City fire staion open house promotes fire awareness
WOONSOCKET — A fire safety awareness night at the city fire department’s headquarters, Station 2, Cumberland Hill Road, drew a big crowd of interested parents and their children Wednesday evening for what proved to be a fun learning experience.
The kids could try controlling a real fire line with Lt. Scott Hampson, take a tour of the fire station and all its gear, or participate in several other learning crafts and demonstrations with the assistance of the department members that might some day help them in an emergency.
Fire Chief Paul Shatraw said the station open house was held as part of national Fire Safety Week.
“We have a lot of educational materials for the kids and their families and the idea is to raise awareness for fire safety in the home,” Shatraw said. The children and their parents were instructed on the importance of have working smoke detectors installed in their homes and also safety items such as fire extinguishers in the kitchen.
The evening’s displays included the a Fire Safety House sent along by the R.I. Fire Marshal’s Office which showed families how cooking fires can start and also methods for quickly and safely exiting a dwelling where a fire has broken out.
The open house is offered in addition to the regular school visits local firefighters make to teach children about safety skills such as calling 911, drop and roll to extinguish flames, and also how to set a safe meeting place outside a home in case an emergency occurs.
Deputy Fire Chief Russell Cote said the children were also given fire safety coloring books and other safety materials to take home with them.
Best of all, the kids got to meet real firefighters and check out all their safety gear.
“They are actually seeing what we do tonight,” he said while adding that could be a big help if a real emergency occurs.
Paulo Silva of Blackstone brought his young daughter Paula to the awareness night and noted she is not afraid of fire trucks. “We go by the North Smithfield Fire Station on St. Paul Street and she loves to see them,” he said.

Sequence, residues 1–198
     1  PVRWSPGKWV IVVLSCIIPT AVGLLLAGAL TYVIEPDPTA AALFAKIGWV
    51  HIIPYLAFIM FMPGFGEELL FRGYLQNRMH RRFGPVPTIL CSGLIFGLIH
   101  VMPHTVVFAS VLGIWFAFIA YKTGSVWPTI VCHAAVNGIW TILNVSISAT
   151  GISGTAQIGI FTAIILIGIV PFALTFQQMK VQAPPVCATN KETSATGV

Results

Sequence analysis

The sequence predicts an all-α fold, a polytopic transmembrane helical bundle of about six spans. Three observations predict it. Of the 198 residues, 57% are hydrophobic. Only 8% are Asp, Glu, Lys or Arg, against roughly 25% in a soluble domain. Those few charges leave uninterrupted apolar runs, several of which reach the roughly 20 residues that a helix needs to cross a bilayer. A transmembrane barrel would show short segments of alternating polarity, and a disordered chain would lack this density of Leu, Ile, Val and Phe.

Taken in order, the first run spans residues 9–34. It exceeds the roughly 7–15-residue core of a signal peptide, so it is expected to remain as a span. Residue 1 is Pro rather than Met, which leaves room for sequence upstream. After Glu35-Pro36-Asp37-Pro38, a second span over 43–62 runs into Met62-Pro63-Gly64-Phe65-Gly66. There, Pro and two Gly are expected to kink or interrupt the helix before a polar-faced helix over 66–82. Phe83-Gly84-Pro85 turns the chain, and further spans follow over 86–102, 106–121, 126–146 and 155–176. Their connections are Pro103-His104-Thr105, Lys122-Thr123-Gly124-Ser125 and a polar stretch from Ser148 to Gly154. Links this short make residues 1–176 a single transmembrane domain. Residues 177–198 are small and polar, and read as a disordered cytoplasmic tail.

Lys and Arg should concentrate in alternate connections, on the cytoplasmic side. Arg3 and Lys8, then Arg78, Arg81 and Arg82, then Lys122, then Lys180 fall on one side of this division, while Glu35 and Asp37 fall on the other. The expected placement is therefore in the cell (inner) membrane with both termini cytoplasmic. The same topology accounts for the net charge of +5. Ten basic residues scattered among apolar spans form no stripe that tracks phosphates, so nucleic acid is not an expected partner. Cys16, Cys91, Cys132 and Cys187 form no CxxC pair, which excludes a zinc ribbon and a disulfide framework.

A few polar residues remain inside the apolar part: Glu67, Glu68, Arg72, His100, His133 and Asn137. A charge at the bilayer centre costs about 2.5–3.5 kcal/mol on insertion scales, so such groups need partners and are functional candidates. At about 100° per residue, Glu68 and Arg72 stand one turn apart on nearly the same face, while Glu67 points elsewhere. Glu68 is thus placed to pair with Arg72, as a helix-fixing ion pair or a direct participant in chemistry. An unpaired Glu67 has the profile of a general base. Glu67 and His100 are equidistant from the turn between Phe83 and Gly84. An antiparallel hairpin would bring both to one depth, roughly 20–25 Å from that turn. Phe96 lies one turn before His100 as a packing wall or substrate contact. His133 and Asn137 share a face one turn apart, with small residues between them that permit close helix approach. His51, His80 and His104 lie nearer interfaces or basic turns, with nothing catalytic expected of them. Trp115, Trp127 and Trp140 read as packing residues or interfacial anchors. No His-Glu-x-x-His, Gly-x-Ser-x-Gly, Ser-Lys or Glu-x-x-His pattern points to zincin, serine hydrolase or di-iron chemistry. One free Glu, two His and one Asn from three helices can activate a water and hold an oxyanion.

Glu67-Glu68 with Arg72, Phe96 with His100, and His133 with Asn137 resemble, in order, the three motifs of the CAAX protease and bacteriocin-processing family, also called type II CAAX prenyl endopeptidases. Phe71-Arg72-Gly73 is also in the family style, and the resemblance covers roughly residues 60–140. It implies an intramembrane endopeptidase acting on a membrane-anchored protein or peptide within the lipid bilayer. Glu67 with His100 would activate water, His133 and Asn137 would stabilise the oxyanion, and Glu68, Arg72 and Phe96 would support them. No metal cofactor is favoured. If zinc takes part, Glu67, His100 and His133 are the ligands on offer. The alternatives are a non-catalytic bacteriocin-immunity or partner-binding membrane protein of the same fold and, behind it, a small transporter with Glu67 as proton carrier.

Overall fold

Lisa Connolly took her children and one of their friends to the station after learning about it at the Gov. Aram Pothier Elementary School.
“We went inside the fire station to check it out and they have arts and crafts and goody bags for the kids to take home,” she said. “They even got a fire call while we were in the station and they went out and came back,” she added.
David Daneault and his wife, Becky, of Woonsocket, watched as their daugh- ter, Emily, signed her name on the gold and white Childhood Cancer Awareness fire truck parked outside the station to support its mission. Becky Daneault said Emily has two cousins who are now cancer free after treatment for leukemia and her family supports the effort to fight cancer whenever they can. “Every little bit helps,” she said.
The fire truck, operated by the Colors for a Cause organization out of Charlestown, raises money to provide the families of cancer patients with gift cards for food and fuel while undergoing treatment.
Above, from left, Samantha Griffin, 7, and Sophia, 5, and Elias Connolly, 6, of Woonsocket, play on the Childhood Cancer Awareness fire truck. At right, Woonsocket Fire Chief Paul Shatraw stands with Sparky the Fire Dog during Wednesday’s open house.
Lt. Scott Hampson helps Edward Schaier, 7, of Woonsocket, direct a fire line at some target chairs while Edward’s step father, Chip Tuttle watches behind them.